Fanjeaux Medieval city

The spiritual city

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The bell tower of Fanjeaux is a 360m-high beacon in the landscape, which can be seen from all over the Lauragaise plain. The roads, with their enchanting gardens, reveal the rich history of this city. This place, located right in the heart of Cathar Country, is where Simon de Montfort and St Dominic decided to lead the fight against heresy.


In 1131, Fanjeaux was a powerful fortified village. Frequented by its lord, the Viscount Trencavel, and various nobles, it was a welcoming city for the Cathars. Bishop Guilabert de Castres had a "maison de parfaits" here, where Cathars would live. Weavers made a living by working in communal workshops. From 1206, this is where Dominique de Guzman chose to stay,  preaching to convert non-believers. He clashed with Guilabert de Castres during a theological "dispute" in either Montreal or Fanjeaux, according to chroniclers. He founded the Prouilhe monastery in 1207, before founding the Dominican Order (Order of Preachers) ten years later. However, the debate gave way to the violence of the Albigensian Crusade. In 1209, Simon de Montfort set up his headquarters in Fanjeaux. After Dominic's death in 1221, the Dominican monks participated in the Inquisition. In the middle of the 15th century, the village became rich, thanks to its woad plantations (a flowering plant used to produce indigo dye). During the French Revolution, the Dominican monks were dispossessed. Today, there are 5 active religious communities in the city of Saint Dominique.


There is a marked path, which starts from the Tourist Office. Educational for adults and fun for children, this walk invites you to learn about the history of this medieval city and provides a proper treasure hunt. The walk includes roads interspersed with flowers and beautiful façades, a path lined with cypress trees, impressive crosses, a magnificent wash house, extraordinary countryside and charming secluded spots.

The Dominican Order Convent

Founded in the 14th century, the Dominican Order Convent is currently home to Dominican Sisters of the Holy Family. At the end of the Convent's garden, the remains of the "Miracle" House recount an episode in the life of Saint Dominic recorded by one of his contemporaries, the chronicler Pierre des Vaux de Cernai. During the "dispute" in Montreal or Fanjeaux, works by both the Cathars and St Dominic were thrown on the fire, with the books of the latter being miraculously carried away from the flames three times. The anecdote, written down later, reports that the parchment would have burned a beam in the roof, which has been revealed since 1820 in the parish church.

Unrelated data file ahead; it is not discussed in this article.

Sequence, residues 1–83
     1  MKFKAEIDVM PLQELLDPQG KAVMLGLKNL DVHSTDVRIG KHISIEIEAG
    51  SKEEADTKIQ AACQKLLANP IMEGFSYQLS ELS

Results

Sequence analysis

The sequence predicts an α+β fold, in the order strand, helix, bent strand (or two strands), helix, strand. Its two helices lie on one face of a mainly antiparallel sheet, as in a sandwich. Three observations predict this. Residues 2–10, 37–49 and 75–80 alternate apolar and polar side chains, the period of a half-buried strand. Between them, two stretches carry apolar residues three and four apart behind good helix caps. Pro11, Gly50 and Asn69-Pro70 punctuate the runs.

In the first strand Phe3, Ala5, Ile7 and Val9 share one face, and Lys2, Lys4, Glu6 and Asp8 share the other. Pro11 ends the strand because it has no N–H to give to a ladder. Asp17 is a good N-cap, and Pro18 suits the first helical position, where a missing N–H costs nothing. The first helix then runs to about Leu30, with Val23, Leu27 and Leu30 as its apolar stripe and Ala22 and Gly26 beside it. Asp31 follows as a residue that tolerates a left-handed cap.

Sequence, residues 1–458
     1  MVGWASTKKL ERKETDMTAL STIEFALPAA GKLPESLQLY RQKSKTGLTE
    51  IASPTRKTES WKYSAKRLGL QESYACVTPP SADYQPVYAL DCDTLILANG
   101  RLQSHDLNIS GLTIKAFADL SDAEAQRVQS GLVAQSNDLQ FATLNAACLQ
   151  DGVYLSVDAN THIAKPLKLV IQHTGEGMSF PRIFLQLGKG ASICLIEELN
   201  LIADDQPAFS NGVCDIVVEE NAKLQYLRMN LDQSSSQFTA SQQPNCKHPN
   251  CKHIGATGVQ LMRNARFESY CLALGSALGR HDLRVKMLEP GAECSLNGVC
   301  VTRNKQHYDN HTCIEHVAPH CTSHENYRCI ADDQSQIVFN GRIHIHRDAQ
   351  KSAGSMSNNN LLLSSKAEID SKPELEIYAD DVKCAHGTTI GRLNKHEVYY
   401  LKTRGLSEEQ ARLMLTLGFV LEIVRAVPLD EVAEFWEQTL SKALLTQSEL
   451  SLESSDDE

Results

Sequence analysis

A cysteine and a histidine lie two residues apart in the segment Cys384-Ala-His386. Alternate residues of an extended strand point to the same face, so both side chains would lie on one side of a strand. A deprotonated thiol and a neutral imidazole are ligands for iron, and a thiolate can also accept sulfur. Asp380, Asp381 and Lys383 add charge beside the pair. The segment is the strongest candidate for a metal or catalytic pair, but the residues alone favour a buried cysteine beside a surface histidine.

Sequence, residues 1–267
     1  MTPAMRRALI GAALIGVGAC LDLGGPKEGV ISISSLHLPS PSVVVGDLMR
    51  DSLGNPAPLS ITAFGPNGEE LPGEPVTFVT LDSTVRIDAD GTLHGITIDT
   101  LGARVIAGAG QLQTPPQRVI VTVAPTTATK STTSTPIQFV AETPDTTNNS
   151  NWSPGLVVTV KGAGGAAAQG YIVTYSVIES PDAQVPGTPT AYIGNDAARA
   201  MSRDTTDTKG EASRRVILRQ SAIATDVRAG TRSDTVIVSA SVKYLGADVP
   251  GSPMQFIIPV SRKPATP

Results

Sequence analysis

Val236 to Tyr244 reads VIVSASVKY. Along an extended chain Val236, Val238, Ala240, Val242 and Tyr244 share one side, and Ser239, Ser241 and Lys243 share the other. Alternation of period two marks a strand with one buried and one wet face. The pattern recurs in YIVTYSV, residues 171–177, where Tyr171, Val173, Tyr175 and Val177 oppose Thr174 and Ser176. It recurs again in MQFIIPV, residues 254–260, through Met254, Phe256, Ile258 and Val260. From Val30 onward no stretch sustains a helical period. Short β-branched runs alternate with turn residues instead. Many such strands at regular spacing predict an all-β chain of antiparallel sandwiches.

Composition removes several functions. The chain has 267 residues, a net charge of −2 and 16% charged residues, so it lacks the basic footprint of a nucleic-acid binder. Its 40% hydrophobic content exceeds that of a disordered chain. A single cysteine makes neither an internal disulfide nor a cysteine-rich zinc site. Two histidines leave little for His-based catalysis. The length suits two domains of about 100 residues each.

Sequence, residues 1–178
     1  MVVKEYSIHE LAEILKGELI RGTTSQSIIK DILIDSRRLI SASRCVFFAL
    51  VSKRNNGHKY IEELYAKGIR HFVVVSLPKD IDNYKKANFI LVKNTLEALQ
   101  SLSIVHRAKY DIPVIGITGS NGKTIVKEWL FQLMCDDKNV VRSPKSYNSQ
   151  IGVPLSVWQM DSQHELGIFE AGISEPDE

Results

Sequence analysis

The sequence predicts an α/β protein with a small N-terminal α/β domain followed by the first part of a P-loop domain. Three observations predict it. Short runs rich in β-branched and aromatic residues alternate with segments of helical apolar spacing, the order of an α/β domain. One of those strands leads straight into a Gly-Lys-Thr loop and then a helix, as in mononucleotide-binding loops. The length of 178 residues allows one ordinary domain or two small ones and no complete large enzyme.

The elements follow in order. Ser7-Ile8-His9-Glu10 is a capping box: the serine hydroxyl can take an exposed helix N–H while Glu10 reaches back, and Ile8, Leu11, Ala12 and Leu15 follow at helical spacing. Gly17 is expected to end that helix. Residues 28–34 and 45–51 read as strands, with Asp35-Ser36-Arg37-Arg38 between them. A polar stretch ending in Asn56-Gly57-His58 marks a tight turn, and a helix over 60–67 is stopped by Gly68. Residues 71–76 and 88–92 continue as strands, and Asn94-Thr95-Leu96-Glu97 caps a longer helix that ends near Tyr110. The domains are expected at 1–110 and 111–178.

The Church

Classed as a historic monument, Our Lady of the Assumption is a superb example of the southern French Gothic style at the end of the 13th century. The opulence of the interior is striking. Everything here exudes elegance, from the magnificent Baroque choir stalls, to the a thirteenth-century wooden Virgin with Child and the font made from Caunes-Minervois marble. On the outside of the church is a mighty octagonal bell tower topped with a triangular arrow, which can be seen for miles around. Walking around the church, you will arrive at the site of the temple of Jupiter. A block of white stone embedded into a portion of the eastern end of the church is possibly a memorial to the ancient temple which was once here.

Saint Dominic's House

The district has kept same name since 1328: "le Borguet Sant Domenge". A sloping path departs from the eastern end of the church, and goes down towards Saint Dominic's House and its sculpted wooden door. This is where the Dominican Monks remember the founder of their Order. On display are some impressive objects, such as an early-Renaissance fireplace, and stained-glass windows signed by the great-nephew of Victor Hugo. These stained-glass windows, dating from the beginning of the 20th century, recount important episodes in the life of Saint Dominic.

The "Seignadou"

At the end of the village, at the top of the steep hillside, this viewpoint is an ideal place for contemplation and awe. The countryside spreads out in all directions, rough or smooth, endless or blocked by mountains. Amongst the undulating cultivated fields, the summit of Bugarach rises up in the distance, as an outpost of Corbières. Ceramic tiles on the parapets point out the mountains, hills and villages. This headland takes its name from "Seignadou" from "signum dei", the sign of God. This is where Saint Dominic had the vision of the ball of fire falling on Prouilhe down below. His statue dominates the small courtyard.

Things to explore

As you walk


Par Ainars Brūvelis

'Fanum Jovis' or the 'Temple of Jupiter' was the original name of Fanjeaux. On this mountain, rare archaeological discoveries have confirmed that people have lived here since the 1st century BC. The temple, located just behind the current church, allegedly had a basin that transformed into the 'lake of Jupiter', via the magic of pomposity... According to legend, at the bottom of this lake, a stone bears the following inscription: 'If you remove the stone, Fanjeaux, you will perish in the water'...

Fanum Jovis